Your Dealership’s Social Media Sucks

Social media is no longer an option when it comes to digital marketing. Either your dealership has a plan or your competition will move in and eat your lunch.

But there’s more to social media than your typical vendor will let on, because they don’t want you to know how little they’re actually doing to improve your dealership’s social media presence.

The reason this is such a big problem is because there’s real ROI in social media marketing. Facebook, Twitter, and other social networks are more than just platforms for communication. A whole new type of consumer has been trained to participate in this great experiment, and we know how to market to them.

Unfortunately, the vultures swooped in before social media matured into a true marketing platform, and now everybody thinks there’s no real value. That mindset needs to be squashed once and for all. Because on average, Facebook users actually view more pages and spend more time on your website than any other type of user. They also submit leads, share content, and come see you in person.

How is this possible? Well, before I give you the solution, let me tell you about the problem:

Vendors suck at social media. There’s no sugar coating that fact. From what we’ve seen, most vendors duplicate content across their client base, outsource social media postings, and have no plan to ever show true ROI or make an effort to utilize a dealer’s inventory or website content. They’ll take your money, buy your dealership a few thousand likes from users who are nowhere near your target market and call it a day.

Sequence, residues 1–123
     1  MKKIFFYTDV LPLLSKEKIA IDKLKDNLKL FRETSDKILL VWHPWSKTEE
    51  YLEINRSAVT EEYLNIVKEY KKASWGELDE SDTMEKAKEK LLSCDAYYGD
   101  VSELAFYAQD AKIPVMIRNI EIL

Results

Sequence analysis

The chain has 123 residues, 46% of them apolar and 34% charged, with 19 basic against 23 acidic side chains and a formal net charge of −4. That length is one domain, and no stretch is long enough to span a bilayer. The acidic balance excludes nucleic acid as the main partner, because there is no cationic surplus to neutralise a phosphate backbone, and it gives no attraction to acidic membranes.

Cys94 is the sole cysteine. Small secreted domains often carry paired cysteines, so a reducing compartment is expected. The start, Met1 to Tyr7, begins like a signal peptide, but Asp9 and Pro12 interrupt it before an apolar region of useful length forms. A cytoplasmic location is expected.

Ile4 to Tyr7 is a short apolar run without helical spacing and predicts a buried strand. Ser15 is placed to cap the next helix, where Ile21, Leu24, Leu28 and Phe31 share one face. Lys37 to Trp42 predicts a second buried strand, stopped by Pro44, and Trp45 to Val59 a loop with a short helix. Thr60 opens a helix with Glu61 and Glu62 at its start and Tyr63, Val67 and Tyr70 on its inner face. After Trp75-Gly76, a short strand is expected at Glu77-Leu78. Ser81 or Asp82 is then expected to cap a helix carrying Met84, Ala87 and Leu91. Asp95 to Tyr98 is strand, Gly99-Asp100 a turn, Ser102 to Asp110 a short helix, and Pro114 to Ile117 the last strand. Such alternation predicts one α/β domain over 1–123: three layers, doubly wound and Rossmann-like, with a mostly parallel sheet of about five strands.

At Wikimotive, we see this as the absolute worst way to handle social media. Here’s why:

  • Your social media strategy should be localized. The last thing you need is an unrealistic view of your target market’s activity. That’s why we consistently check for irregularities to make sure we’re not wasting your time and money marketing to the wrong people. If it turns out we can’t help you, we’ll actually tell you instead of taking your money.
  • The content you pay for should be unique. How would you feel if your vendor was writing the same content for your competitor? There’s no difference here. A successful social media strategy requires original, high-quality content that people actually want to see when they visit a social media site.
  • Inventory just sits there, waiting to be set free. Vendors love convincing dealers that they need to pay a premium to list their inventory in a tab on Facebook. Of course, they’ll never tell you that no one, and I mean NO ONE, clicks on those tabs. You’d be better off investing that money into lottery tickets each month.

So what’s the moral of the story? Real content, created by real people, that’s then marketed to consumers in your target market is how you win on social media.